• davewofford

Calvin the Wise

Calvin and Hobbes are such dharma jewels.

Interesting question here:

Is using the attentional control one develops through meditation to avoid thinking unpleasant thoughts some sort of dereliction of duty? Isn’t it irresponsible to focus only on things that bring us joy and peace? Doesn’t the world need us to engage the hard stuff too?

I’d argue that this question misses an important detail. Control of one’s attention is indeed an essential life skill, and one that is developed through a consistent meditation practice. But it’s at best half, and probably only a third, of the true package.

The first step in meditating is not actually a cognitive step, but an emotional one. We start with kindness. Meditation is difficult, and it’s imperative that we approach the endeavor with a gentle heart, because odds are that our minds will drift many, many times. If we cannot view our own struggle with love and compassion, we cannot hope to last long in our practice.

One of my favorite teachers, Andrea Fella, suggests that the attitude with which we approach our meditation is actually more important than the meditation itself. Having worked with hundreds of students and clients, and more directly with my own experience, I must agree. Cultivating attention without kindness is a cold path, and cultivating kindness without attention is a blind one.

Another important capacity here is discrimination. This is really an outcome of paying close attention, in a relaxed way, over time. It’s worth its own paragraph as it is perhaps the most tangible application of a trained mind. When our hearts are engaged and our minds are clear, we can discriminate between situations that we can and cannot affect through our efforts, and therefore make wise choices about which thoughts to entertain and which to let go.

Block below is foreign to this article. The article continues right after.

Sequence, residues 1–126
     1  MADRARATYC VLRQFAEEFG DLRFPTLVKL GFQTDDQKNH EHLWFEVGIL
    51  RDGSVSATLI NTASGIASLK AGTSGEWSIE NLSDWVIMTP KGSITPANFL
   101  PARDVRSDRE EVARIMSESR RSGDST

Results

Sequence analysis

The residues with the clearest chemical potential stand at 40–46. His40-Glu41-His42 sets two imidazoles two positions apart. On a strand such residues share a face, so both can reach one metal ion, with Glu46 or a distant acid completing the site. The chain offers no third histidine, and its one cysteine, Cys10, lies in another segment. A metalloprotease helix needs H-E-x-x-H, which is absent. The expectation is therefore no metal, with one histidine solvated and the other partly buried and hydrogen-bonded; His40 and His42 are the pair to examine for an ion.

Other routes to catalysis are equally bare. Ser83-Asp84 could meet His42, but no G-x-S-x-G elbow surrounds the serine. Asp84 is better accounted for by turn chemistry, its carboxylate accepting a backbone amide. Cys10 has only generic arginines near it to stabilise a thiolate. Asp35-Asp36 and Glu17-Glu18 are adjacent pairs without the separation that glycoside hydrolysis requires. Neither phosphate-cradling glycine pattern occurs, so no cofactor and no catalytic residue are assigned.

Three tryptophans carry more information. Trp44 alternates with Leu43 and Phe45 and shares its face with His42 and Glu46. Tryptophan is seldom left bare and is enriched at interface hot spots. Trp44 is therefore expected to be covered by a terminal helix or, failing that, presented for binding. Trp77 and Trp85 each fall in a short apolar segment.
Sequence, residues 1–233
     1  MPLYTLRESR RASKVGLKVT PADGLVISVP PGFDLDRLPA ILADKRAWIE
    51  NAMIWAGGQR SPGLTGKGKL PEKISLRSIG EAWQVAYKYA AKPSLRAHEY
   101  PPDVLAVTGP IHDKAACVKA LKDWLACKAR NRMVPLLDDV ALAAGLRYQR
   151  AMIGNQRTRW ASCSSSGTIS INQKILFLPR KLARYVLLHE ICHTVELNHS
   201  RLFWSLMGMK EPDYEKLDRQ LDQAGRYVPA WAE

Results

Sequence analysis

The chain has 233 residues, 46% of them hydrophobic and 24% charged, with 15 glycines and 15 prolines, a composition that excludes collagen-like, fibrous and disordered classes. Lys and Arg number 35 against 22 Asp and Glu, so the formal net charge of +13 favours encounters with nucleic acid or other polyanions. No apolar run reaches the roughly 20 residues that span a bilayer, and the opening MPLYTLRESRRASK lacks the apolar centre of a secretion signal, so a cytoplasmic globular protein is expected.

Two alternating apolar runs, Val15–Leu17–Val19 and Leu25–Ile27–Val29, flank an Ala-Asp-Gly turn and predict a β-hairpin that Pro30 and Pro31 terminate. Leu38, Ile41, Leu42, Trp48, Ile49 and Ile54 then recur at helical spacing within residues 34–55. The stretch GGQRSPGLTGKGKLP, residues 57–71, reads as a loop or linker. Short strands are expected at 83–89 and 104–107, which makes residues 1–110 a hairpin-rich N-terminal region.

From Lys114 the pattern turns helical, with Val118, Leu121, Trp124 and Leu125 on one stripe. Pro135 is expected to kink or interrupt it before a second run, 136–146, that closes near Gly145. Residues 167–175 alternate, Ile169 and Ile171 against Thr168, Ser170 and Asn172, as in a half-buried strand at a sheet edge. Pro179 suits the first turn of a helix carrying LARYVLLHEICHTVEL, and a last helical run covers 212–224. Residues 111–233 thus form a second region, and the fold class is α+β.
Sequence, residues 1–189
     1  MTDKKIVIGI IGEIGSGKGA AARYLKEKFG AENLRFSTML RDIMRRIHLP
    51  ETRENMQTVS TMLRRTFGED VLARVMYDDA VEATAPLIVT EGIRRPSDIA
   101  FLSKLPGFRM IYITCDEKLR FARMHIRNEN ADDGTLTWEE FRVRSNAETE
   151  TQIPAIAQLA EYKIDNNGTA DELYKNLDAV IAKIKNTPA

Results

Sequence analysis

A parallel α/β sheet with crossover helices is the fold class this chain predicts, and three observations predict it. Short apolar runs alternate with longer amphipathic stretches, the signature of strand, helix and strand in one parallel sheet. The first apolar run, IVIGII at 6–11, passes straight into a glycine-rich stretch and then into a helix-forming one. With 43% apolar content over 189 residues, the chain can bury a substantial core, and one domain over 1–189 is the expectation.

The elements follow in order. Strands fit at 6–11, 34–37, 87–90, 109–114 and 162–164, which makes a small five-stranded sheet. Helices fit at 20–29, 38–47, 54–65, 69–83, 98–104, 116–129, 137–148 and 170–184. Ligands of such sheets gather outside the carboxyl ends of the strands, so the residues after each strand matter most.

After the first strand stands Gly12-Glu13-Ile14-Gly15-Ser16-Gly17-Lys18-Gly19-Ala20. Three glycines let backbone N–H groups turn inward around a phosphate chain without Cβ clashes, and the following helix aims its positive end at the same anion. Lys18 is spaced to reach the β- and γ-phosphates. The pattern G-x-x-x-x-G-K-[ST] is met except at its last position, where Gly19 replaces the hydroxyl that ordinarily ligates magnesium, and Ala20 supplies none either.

If you’d like to experiment on yourself a bit, set a timer on your phone to go off 3 times a day. Each time it goes off, make a note about what you’re thinking, paying particular attention to the following:

Is your thinking motivated by loving-kindness?

Are your thoughts focused on something within your control?

Are your thoughts clear, stable, and relaxed?

Take care not to get down on yourself if you discover something unpleasant. We must become aware of imbalances before we can make efforts towards balance. In other words, be sure to be kind to yourself in your efforts to be kind to yourself!

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